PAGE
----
The Doctor straightened his bow tie. “Yes…the fish fingers are burning. And I need a bowl of custard to dip them in.”

“Now, Doctor, I really must insist…” began the Brigadier, only to find himself interrupted by a loud yelp coming from somewhere deep inside the TARDIS.

“Doctor, what was that?”

“Probably just Rose crying again”, said the Doctor. “She likes to cry when we run out of her favourite food; silly, really.”

“Sausages.”

The Doctor turned in confusion only to see that K-9 had come into the room to report on… sausages? Then he remembered that ‘sausages’ was an old codename for something long ago…long before the TARDIS was even created and thought lost in legend for all eternity.

The Doctor pondered whether he should get a new codename. “Could my new code name be ‘Sausages’?” he wondered.

“Run!” River yelled, emerging deep from the bowels of the TARDIS, rapidly firing shots behind her.

“RIVER, what are you doing here?” asked the Doctor.

“K-9 becomes a human girl,” said River, “and we’ve got to stop her!”

“Before she steals all of Rose’s cookies! Allons-y and onward!” proclaimed the Doctor. “And to think, all of this is Moffat’s fault,” he added.

Suddenly the TARDIS came to a jarring halt – just as the toaster popped; the Doctor, grabbing the toast, flung open the door, which revealed the barren landscape of a comic-con twenty minutes before opening.

“I never could get the hang of Blurgdays,” the Doctor muttered to himself, half-ruinously.

Just then, a young 20 something worker came up to the group and asked “Hey, Moffat wants to know if you’ll be dressed and ready to go for the Q&A panel in 10 minutes.”

The Doctor looked terribly confused at all this fourth wall breaking, and decided to tune it out. But then a loud *BANG* was heard coming from within the quite and empty comic-con.

“Crikey Moses!’ the Doctor exclaimed. “What on Gallifrey was that!”

“In fact it was me, said Strax, “looking for the Adipose.”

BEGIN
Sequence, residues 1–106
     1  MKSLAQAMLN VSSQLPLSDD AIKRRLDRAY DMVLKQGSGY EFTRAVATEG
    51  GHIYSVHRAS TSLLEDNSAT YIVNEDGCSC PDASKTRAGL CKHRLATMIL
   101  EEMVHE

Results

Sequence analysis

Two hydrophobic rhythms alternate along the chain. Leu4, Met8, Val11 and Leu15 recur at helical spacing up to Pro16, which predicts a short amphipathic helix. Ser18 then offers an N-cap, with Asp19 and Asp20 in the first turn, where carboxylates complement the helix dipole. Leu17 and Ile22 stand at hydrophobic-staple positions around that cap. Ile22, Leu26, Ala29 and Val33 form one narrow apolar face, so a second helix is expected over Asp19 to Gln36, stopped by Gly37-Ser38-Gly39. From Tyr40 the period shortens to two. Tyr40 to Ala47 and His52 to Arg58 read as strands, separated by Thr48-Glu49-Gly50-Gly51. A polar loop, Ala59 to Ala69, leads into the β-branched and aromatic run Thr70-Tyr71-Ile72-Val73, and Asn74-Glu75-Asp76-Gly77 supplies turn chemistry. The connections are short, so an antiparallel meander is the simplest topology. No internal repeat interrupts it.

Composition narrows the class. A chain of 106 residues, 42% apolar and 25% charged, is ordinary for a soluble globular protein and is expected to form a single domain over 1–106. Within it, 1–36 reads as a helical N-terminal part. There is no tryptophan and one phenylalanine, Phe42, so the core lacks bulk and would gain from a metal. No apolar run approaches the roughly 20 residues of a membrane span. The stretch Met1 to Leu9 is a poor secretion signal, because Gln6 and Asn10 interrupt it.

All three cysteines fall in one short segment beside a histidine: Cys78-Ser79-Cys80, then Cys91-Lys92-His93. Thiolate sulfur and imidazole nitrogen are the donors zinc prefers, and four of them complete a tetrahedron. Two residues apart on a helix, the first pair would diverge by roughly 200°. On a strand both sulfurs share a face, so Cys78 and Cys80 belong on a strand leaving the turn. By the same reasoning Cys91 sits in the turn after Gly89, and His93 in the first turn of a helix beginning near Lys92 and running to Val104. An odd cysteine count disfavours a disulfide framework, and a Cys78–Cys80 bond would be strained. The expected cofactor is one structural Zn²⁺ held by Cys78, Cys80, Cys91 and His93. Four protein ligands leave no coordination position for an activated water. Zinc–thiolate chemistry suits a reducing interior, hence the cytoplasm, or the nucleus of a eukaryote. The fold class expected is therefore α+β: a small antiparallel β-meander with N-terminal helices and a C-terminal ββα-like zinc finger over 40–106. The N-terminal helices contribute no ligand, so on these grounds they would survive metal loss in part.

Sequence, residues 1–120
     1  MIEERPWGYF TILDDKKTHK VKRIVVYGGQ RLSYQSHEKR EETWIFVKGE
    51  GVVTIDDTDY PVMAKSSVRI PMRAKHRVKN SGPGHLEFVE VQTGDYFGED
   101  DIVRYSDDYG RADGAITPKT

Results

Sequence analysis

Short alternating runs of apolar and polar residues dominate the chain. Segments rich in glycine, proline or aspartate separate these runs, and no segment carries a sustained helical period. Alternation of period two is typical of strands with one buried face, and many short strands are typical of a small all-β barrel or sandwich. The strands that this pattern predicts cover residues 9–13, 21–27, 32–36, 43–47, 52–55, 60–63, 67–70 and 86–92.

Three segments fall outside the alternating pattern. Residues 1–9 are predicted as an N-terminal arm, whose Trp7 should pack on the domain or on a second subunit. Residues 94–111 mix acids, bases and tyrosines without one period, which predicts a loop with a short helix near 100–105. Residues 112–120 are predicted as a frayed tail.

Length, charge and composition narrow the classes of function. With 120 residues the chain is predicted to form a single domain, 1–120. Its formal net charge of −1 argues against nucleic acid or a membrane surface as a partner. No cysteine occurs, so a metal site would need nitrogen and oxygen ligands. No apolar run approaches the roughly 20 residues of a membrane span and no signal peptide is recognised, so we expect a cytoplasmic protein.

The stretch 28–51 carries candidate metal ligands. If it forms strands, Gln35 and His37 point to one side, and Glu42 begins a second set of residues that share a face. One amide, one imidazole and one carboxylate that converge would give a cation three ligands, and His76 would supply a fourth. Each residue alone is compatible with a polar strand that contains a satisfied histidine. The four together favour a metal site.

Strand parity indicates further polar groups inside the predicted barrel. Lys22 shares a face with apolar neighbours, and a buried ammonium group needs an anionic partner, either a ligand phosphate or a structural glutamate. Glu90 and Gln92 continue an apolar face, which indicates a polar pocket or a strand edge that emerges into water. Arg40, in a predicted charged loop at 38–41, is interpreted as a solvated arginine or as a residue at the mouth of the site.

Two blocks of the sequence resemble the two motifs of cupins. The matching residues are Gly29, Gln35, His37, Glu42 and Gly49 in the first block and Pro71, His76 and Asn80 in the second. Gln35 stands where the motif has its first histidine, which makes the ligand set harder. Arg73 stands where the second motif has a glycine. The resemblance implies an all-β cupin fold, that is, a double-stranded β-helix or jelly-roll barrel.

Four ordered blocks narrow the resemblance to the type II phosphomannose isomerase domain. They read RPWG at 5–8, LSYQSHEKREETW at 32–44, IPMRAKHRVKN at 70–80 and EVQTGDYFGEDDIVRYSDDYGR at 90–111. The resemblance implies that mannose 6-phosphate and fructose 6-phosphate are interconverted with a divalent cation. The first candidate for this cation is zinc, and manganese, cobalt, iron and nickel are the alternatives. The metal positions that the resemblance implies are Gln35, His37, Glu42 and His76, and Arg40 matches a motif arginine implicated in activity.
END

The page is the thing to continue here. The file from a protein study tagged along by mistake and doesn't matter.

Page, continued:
“Adipose?” said the Doctor. “What are they doing here?”

“Shall I drown them in acid?” asked Strax. “Or offer a hand grenade?”

“No, no,” replied the Doctor. “There’s going to be a convention here soon and we can’t have any of that going on, Strax! Just find me one and bring it to me – gently!”

“You ask me, a mighty Sontaran warrior, to be gentle? How dare you insult the glory of my nation!”

The Doctor placed a hand on Strax’s shoulder and looked at him tenderly. He gently broke it to Strax. “I’m not asking you. Steven is,” before popping a Jammy Dodger into his mouth, pulled from who knows where.

“At least you’re not plastic,” said Rory.

“Or dead,” said River.

“EXTERMINATE!!!!!!!” came many a cry from down the hall.

“Ohhhhhh, who invited them?!” growled the Doctor.

“Are you my mummy?”

“Shut up! We need to think!” The Doctor snarled.

“Well, well, well…it’s you again Captain. COME in! We’ve BEEN waiting for you…” the Doctor chuckled as he grabbed the arm of Jack and brought him into the circle hurriedly as he used his sonic to lock the doors behind him, only the door to the northwest opened that led through a red-linen walled hall; the Doctor tussled Jack’s hair in enthusiasm as he fixed his bow tie while he placed his sonic screwdriver into his coat, smirking smartly as he said to Captain Jack – who appeared a little shaken as he overheard – “Now, lad…have you seen what has been occurring through the masses of people and aliens here? Jack give me details, observations, inquiries – GO! Go!”

He clapped his hands briskly, looking to the others with a concerned, but lighthearted, eccentric face.

“U-uh, D-Doctor?” Rory looked at Jack with a stern, but frazzled scowl as he asked the Doctor quietly, “who the smeg is this?”

Captain Jack looked at Rory then back to the Doctor, tilting his head sideways. “We travelling with the crew from Red Dwarf now eh, Doc?”

Just then River came through the door, looked Jack up and down and said “Well, hello Sweetie.”

After giving a smirking Jack the side-eye, the Doctor turned to River and said “No!”

“Now, honey…” River pouted.

Jack turned to River. “You know the Doc has a problem with sharing.”

River smirked slightly, then turned to the Doctor. “Sweetie, you know there is more than enough of me to go around.”

While shaking his head, the Doctor threw his hands up in the air and shouted “We’ve got Daleks, Adipose and a lost kid wearing a gas mask to deal with – hanky panky LATER!”

Just then from behind them a small voice said “Are you my mummy?”

A rasping laugh filled the convention halls as, from out of the shadows, a beast of fathomless ages crept out, exuding a terrible horror. “I have the latest script for you,” the monster rasped, as he held out a finished script entitled ‘The Gasping Death by Steven Moffat’. He laughed evilly, knowing he was protected by his lack of continuity…but the giant stamping cartoon foot from Monty Python descended suddenly, with abrupt finality, and Moffat was no more.

Then out of nowhere… A PLOT TWIST!!! Steven Moffat was still alive to continue his evil plan. No one was safe, even us.

“How did you do that?” the Doctor asked, interested to learn about the apparent regeneration of humans.